The next phase is heavier on engineering, as it usually means that the business has entered the (maybe even hyper) scaling/expansion stage.

Key takeaways:

  • Architecture needs to evolve as the business grows.
  • Identify the most pressing issues inside your business domain and technical architecture.
  • Include business metrics to help you identify broken parts of your product.
  • Rebuilding problematic parts of the system are expected and usually something you need to do.
  • Avoid massive overhaul of the system as it causes big-upfront costs and is time-consuming.
  • Infrastructure costs are higher as the usage of the system increases.
  • Re-evaluate your vendors, as the pricing, in some cases, can be steep.
  • Re-evaluate your business model and the pricing while taking the technical perspective - are your margins where you want them to be?

Scaling stage 

During the scaling or expansion phase, a startup is focused on growing operations and expanding its reach. Some weaknesses/problems in the existing system/product/architecture have likely become apparent. It's important to identify and address these issues to maintain a high level of service quality and keep the business running smoothly.

To tackle these issues, it's essential to follow the same steps as before: identify the system's riskiest and most problematic areas and think about what needs to be designed and built to support the company during this phase. The troublesome areas at this stage usually include inadequate vendor choices and the pressure it’s placing on the business. Compliance requirements as a result of entering new markets. Not scalable architecture is potentially caused because the company's growth was too rapid, and the tech couldn’t keep up with it (e.g., just continued building on a disposable POC or an early MVP without rethinking if the approach makes sense). Broken user journeys (e.g., customer payment flow, signup) codebases are sub-optimal and cause delays when delivering changes.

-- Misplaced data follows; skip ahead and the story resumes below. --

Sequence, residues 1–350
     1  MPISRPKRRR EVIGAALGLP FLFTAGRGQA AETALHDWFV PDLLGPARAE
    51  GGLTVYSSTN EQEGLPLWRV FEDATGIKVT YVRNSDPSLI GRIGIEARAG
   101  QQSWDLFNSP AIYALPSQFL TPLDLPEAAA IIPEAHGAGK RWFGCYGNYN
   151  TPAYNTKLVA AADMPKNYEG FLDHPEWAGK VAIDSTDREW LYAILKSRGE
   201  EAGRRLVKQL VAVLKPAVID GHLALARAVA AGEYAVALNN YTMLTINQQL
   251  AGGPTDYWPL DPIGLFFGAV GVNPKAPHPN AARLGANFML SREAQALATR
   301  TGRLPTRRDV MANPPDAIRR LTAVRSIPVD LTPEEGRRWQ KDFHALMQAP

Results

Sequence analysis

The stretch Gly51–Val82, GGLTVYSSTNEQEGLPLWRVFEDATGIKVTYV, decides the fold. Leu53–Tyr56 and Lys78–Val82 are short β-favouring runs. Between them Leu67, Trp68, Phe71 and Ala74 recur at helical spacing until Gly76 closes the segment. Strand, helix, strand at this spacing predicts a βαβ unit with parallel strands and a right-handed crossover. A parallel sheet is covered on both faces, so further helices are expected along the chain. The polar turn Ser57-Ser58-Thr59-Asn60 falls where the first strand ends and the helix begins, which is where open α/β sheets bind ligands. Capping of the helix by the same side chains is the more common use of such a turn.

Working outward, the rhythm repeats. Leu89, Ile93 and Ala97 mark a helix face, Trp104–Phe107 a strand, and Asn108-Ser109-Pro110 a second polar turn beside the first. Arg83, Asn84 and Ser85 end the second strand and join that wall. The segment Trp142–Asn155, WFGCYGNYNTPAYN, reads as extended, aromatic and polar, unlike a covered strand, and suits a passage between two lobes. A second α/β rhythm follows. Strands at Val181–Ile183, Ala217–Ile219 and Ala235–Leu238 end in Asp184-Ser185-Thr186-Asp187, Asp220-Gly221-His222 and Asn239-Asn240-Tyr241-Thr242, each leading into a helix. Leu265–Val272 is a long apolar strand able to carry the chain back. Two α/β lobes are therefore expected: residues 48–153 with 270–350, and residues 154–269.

Another essential aspect to consider is vendors and their pricing. It's important to keep in mind the projected growth of the company and its business model (B2C, B2B, B2B2C, Freemium, …). 

Overall, this phase is the crucial time for a startup and requires careful planning and attention to these critical areas to ensure success. As the company grows and attracts more attention, compliance becomes increasingly important. This includes adhering to regulations that depend on the markets you are active in (GDPR, CCPA, APA, HIPAA regulations, or SOC2, ISO certifications). Additionally, security becomes a more significant concern as more people look at your product. It's important to consider how user authentication and personal data are handled, among other security considerations.